An Iranian Baha’i woman accused of “propaganda against the regime” has been acquitted in a historic verdict that activists hope signals a move away from the discriminatory policies against the country’s largest religious minority community.
The verdict in the case of Lisa Tibanian stated that belonging to the Baha’i faith or proselytizing were not crimes.
Prominent journalist Isa Saharkhiz welcomed the news. “While agents of the Intelligence Ministry of Rouhani’s government are busy arresting Baha’i citizens on charges such proselytizing Baha’ism, propaganda against the regime, espionage, etc, there is this good news from Karaj,” he wrote on his Facebook page. “Judge Ali Badri, the presiding judge of Branch 12 of Alborz province’s Court of Appeals, has announced [that] merely proselytizing for the Baha’i faith cannot be considered propaganda against the regime and, fundamentally, the law does not consider belief in the Baha’i faith a crime to justify prosecuting and punishing individuals based on this charge, especially since the appellant [Lisa Tibanian] accepts the sovereignty of the Islamic Republic and is considered [an Iranian] citizen…” Saharkhiz has himself faced prison on several occasions for his work as a journalist.
Over the last four decades since the Islamic Revolution, hundreds of Baha’i Iranians have been tried and imprisoned on the charge of “propaganda against the regime” for “proselytizing the Baha’i faith.” Throughout these years, Islamic Revolutionary Court judges have defined any and all religious, social or civil activities by the Baha’is as propaganda against the regime, which is punishable according to Article 500 of the Islamic Penal Code. It states: “Anyone who engages in any type of propaganda against the Islamic Republic of Iran or in support of opposition groups and associations shall be sentenced to between three months and one year of imprisonment.”
Officials have cited this article when cracking down on a range of activities, including the closure of businesses to observe Baha’i religious occasions, pursuing higher education and civil rights, participation in social and environmental campaigns, and even pursuing artistic endeavors. Baha’is have also been targeted for socializing with non-Baha’is, attending Baha’i religious classes and even burying people from the faith according to Baha’i religious practices. Historically these activities have been condemned as “propaganda against the regime” and the offenders have been punished with prison sentences.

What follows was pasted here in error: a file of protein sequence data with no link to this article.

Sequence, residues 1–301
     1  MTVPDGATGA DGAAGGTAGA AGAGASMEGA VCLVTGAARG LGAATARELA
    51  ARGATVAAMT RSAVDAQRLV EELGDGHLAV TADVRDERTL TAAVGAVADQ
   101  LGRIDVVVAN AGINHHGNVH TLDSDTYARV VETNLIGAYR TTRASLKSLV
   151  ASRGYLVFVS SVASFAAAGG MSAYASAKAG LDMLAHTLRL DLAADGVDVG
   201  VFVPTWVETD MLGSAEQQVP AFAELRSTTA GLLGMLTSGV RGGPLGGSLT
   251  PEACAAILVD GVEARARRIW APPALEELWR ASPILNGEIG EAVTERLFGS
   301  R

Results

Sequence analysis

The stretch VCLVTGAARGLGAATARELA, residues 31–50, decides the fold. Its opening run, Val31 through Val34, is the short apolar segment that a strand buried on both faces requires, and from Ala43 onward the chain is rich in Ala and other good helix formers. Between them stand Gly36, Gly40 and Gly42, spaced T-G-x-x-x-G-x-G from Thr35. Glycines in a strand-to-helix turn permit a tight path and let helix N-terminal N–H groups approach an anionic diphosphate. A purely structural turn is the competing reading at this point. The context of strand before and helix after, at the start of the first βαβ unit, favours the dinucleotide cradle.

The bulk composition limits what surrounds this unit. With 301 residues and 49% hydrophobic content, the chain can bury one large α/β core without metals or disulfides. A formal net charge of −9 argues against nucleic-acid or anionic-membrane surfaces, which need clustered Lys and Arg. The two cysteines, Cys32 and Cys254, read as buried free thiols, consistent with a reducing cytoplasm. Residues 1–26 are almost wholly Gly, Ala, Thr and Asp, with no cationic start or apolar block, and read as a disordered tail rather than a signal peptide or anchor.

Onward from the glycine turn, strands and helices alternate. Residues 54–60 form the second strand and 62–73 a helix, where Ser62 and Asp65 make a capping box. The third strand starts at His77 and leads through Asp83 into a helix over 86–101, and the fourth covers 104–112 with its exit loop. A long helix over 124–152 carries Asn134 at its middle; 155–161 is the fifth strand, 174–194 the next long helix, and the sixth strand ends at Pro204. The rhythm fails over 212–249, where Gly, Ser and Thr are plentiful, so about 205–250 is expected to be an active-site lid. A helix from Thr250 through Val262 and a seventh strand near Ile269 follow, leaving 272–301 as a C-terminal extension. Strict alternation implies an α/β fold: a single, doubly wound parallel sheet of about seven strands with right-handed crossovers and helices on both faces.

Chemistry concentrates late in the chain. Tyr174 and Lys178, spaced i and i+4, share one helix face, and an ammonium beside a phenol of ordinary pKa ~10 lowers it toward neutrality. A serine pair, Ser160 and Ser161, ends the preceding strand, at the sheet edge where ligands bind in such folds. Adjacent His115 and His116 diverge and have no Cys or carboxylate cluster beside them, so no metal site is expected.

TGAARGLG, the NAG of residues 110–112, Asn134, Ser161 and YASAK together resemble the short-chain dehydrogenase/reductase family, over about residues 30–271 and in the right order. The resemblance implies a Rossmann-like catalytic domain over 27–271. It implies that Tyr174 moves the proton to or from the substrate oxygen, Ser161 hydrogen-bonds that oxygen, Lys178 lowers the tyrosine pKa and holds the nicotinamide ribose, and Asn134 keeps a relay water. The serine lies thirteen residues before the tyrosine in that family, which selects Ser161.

The prosecution of the Baha’is has been ongoing. In the last few months alone, at least 60 Baha'is have been arrested, tried and sentenced.
One of them is Lisa Tabianian (Enayati). She was originally arrested at her home on February 13, 2017 and later detained for 10 days before eventually being released on bail on March 26, 2017. She was tried at Branch 4 at the Karaj Revolutionary Court, with the judicial authority citing Article 500 of the Islamic Penal Code and sentencing her to seven months in prison. On August 1, 2018 Tabianian and her lawyer were informed of the lower Revolutionary Court verdict.
On December 31, 2018, Branch 12 of Alborz Province’s Revolutionary Court under Judge Ali Badri acquitted Lisa Tabianian on the charge of propaganda against the regime. According to the text of the verdict and the indictment obtained by IranWire, the appeals court has ruled that proselytizing Baha’ism and belief in Baha’i faith are not crimes. The judge stressed the fact that the appellant accepts the sovereignty of the Islamic Republic and this was an important reason for not finding her guilty.
According to the judge, proselytizing is a crime under Article 500 of the Islamic Penal Code only if it is aimed against Iran’s political system. Otherwise, the judge said, “religious proselytizing in a way that cannot be construed as against the Islamic Republic of Iran and its regime is not a crime.” He also stated that punishing someone for proselytizing on those terms “would even violate citizens’ rights under the constitution.”
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